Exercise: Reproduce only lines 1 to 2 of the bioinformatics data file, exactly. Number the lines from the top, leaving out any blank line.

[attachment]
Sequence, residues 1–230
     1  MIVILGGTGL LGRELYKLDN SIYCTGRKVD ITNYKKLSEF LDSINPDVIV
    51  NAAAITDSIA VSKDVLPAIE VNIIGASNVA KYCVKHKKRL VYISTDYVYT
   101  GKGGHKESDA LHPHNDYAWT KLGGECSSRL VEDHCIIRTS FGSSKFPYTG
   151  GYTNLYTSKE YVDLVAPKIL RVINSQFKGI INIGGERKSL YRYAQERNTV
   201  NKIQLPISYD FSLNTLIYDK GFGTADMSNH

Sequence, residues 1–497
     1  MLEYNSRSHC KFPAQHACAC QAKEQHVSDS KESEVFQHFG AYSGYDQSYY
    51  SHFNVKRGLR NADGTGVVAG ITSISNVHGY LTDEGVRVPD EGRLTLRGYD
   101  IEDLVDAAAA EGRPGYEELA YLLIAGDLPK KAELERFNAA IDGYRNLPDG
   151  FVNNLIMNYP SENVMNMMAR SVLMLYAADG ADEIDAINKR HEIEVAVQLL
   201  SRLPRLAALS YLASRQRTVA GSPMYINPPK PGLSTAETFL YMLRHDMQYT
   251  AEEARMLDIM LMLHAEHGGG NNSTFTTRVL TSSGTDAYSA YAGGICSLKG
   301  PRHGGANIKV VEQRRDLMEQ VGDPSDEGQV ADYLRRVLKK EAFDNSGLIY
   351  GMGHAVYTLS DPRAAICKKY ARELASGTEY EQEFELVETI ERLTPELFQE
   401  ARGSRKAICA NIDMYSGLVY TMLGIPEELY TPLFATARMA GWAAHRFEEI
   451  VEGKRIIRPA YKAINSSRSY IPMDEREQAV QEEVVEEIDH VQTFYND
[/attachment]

Sequence, residues 1–230
     1  MIVILGGTGL LGRELYKLDN SIYCTGRKVD ITNYKKLSEF LDSINPDVIV